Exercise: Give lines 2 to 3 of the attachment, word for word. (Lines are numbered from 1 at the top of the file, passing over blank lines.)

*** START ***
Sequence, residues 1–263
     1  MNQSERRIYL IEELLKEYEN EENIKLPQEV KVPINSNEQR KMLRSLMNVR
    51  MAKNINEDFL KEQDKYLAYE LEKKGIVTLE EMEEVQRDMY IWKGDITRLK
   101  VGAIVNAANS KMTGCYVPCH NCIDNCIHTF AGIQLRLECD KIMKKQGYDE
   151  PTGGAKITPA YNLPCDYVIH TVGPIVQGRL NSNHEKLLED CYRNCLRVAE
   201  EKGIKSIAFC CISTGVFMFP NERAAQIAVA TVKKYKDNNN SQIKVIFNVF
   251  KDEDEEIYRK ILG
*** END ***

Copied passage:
     1  MNQSERRIYL IEELLKEYEN EENIKLPQEV KVPINSNEQR KMLRSLMNVR
    51  MAKNINEDFL KEQDKYLAYE LEKKGIVTLE EMEEVQRDMY IWKGDITRLK